August 2005

 Job Stress and Burnout

Stress is a major problem in the workplace. Chronic stress — that is, long-term unresolved stress — can lead to burnout, an occupational hazard that affects all industries at every level, from the mailroom to the boardroom.

Early signs of job stress are headaches, short tempers, trouble sleeping and low morale, according to the National Institute for Occupational Safety and Health (NIOSH). And it’s not just physical health. An estimated 60 percent of work absences are from psychological problems — at a cost of more than $57 billion yearly — according to the American Psychological Association. Health costs are almost 50 percent greater for workers who report high levels of stress according to the Journal of Occupation and Environment Medicine. Body systems start to fail under excessive stress and things begin falling apart.

Too much multi-tasking appears to be one cause of work overload and stress. You cannot accomplish two things at the same time as efficiently as you would if you were doing them separately. A lot of accidents and a loss of efficiency can occur from requiring excessive multi-tasking.

A Fatal Work Ethic
In Japan, burnout is known as “karoshi,” or death from overwork. The Japanese government has reported 10,000 cases a year of managers, executives, and engineers who have died from overwork, a fallout of the country’s prolonged economic slump.

With mass layoffs, pay cuts, seemingly endless workdays and disappearing vacations, Americans are coping with an enormous amount of job stress. Feeling unable to keep up with the demands of their jobs, many are reaching burnout levels.

Some people suffer burnout because they are unable to handle stress; others, such as police officers or firefighters, because their occupation is very stressful; and others because their working environment may be toxic or stressful.

Christina Maslach, in her book The Truth About Burnout calls burnout “the erosion of the soul.” She theorizes that organizations unknowingly foster burnout by creating one or more of the following conditions:

  • Work overload. Many companies often reduce their work force and increase the workload to remaining employees. This strategy may backfire in that having too much to do and not enough time to do it, is one of the primary causes of stress.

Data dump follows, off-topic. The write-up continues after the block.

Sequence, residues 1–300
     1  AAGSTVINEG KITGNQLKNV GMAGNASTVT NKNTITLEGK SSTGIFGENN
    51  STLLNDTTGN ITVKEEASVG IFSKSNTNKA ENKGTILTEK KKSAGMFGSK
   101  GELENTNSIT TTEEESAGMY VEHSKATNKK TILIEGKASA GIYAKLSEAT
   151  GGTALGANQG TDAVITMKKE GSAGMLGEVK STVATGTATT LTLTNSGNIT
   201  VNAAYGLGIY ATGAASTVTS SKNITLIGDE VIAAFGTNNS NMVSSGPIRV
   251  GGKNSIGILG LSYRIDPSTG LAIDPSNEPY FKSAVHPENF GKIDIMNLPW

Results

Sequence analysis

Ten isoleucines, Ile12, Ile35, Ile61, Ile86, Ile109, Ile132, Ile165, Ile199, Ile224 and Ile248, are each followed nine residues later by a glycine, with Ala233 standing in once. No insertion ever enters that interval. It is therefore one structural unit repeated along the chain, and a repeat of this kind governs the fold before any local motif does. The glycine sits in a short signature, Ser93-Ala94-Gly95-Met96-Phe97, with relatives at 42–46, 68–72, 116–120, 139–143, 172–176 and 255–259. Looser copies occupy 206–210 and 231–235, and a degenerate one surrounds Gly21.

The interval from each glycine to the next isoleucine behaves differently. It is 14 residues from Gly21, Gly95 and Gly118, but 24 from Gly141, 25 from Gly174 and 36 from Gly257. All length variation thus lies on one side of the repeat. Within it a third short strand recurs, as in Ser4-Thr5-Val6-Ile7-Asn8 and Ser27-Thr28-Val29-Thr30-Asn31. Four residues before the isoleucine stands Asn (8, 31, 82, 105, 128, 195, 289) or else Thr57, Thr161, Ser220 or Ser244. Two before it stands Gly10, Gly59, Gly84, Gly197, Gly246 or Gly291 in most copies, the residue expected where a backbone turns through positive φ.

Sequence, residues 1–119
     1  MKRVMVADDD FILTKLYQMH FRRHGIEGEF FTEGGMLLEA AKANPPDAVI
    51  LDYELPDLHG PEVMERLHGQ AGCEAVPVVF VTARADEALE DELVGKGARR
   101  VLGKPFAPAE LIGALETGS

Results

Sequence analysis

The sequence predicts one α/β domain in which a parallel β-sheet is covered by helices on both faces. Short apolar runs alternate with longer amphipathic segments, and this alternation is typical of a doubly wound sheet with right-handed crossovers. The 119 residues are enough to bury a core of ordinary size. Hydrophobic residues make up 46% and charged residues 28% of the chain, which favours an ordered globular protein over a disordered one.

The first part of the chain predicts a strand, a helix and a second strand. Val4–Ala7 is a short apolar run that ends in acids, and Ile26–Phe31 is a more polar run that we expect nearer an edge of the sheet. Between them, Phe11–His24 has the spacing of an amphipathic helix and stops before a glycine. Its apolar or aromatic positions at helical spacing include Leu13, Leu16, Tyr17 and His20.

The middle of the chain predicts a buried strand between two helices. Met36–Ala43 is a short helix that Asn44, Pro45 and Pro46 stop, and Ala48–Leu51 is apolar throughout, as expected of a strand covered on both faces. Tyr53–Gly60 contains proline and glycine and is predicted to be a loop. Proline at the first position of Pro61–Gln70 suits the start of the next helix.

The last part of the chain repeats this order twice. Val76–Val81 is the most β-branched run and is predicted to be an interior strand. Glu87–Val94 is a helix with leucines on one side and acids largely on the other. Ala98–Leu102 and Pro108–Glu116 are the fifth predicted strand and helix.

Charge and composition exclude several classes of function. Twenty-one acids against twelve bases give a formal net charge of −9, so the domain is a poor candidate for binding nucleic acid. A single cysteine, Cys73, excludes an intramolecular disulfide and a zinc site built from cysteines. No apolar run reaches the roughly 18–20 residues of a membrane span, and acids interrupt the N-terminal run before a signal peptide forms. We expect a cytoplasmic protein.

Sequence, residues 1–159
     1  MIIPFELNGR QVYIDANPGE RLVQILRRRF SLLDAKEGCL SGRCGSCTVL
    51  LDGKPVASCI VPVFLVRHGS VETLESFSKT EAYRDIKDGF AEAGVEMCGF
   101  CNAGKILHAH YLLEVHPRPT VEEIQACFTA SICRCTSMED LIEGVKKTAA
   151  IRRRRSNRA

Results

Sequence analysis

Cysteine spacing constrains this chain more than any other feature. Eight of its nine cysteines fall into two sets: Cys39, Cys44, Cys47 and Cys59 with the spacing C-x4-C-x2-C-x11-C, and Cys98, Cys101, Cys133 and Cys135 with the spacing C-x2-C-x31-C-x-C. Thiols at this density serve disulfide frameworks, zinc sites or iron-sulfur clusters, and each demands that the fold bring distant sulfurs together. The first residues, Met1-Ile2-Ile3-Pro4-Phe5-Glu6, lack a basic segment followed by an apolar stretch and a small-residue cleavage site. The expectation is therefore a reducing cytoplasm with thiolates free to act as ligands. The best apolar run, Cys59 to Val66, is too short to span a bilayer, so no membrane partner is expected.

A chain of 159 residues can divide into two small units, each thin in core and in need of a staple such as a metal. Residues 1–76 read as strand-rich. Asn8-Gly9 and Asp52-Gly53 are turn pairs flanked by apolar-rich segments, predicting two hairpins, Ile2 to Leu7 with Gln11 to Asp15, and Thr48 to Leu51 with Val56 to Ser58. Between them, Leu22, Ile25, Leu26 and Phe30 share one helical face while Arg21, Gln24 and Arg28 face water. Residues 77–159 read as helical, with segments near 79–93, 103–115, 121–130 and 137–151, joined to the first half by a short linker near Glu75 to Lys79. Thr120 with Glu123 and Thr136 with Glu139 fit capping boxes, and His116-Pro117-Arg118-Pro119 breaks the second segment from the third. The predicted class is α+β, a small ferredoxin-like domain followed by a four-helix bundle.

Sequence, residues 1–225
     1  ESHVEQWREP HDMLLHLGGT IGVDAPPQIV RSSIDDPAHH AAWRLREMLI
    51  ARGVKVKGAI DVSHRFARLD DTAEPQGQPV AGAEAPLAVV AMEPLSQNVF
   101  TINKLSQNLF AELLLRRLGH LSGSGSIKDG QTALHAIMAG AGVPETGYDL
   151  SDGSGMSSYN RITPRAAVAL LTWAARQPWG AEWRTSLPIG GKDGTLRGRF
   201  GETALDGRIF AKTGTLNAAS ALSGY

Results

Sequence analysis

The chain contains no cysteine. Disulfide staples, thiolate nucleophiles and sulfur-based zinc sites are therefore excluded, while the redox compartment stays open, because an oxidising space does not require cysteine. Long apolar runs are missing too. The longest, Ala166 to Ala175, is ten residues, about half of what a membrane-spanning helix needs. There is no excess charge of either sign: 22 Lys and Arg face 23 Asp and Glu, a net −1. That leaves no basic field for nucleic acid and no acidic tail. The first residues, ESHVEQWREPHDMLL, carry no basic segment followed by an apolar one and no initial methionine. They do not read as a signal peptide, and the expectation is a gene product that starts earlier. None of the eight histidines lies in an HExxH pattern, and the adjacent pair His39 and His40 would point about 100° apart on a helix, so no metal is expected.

• Lack of control. An employee needs some control over job performance. An individual may feel powerless if a supervisor dictates everything. Eventually the worker may simply stop caring.
  • Inadequate compensation. Both productivity and interest in one’s job may decline significantly if an individual feels inadequately compensated.
  • Breakdown in community. Enthusiasm and energy wane if the workplace fails to provide a community of caring or participation. If an office fails to work collaboratively, an individual may become marginalized within it.
  • Unfair treatment. Favoritism may be a pernicious influence in certain places of employment. It is important to treat everyone fairly. This can be a major source of burnout.
  • Conflicting values. Sometimes burnout results from a demanding boss requiring performance and duties that conflict with personal honesty and social correctness.

There are numerous ways to find relief from job stress and job burnout. Maslach provides six strategies for coping by eliminating cynicism, exhaustion, and stress-related problems:

• Cut back excessive hours.
• Get a personal life.
• Seek more control over your job.
• Get organized.
• Develop a comfortable pre-work routine.
• Ask yourself if you are being appropriately challenged.

Jeffrey Pfeffer, professor at Stanford University's Graduate School of Business, says American companies that want to compete in a global economy should follow the European model of shorter workweeks and month-long vacations. “There is no evidence that excessive hours are necessary for competitive success,” says Pfeffer. “But somehow we’ve gotten in our minds that to succeed in this world is to work yourself to death.”

Sometimes the only recourse to finding a better job is to find a more able or sympathetic supervisor, better working conditions, a higher salary, or more compatible co-workers. Your long-term health is critical and all options should be considered.

Need more advice or assistance? Contact:

 Julie Swaner, Alumni Program Manager
 (801) 585-5036

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by the University of Utah Alumni Association
Questions? Concerns? Contact Linda Marion, editor (801-587-7837)
or Marcia Dibble, assistant editor (801-581-6996)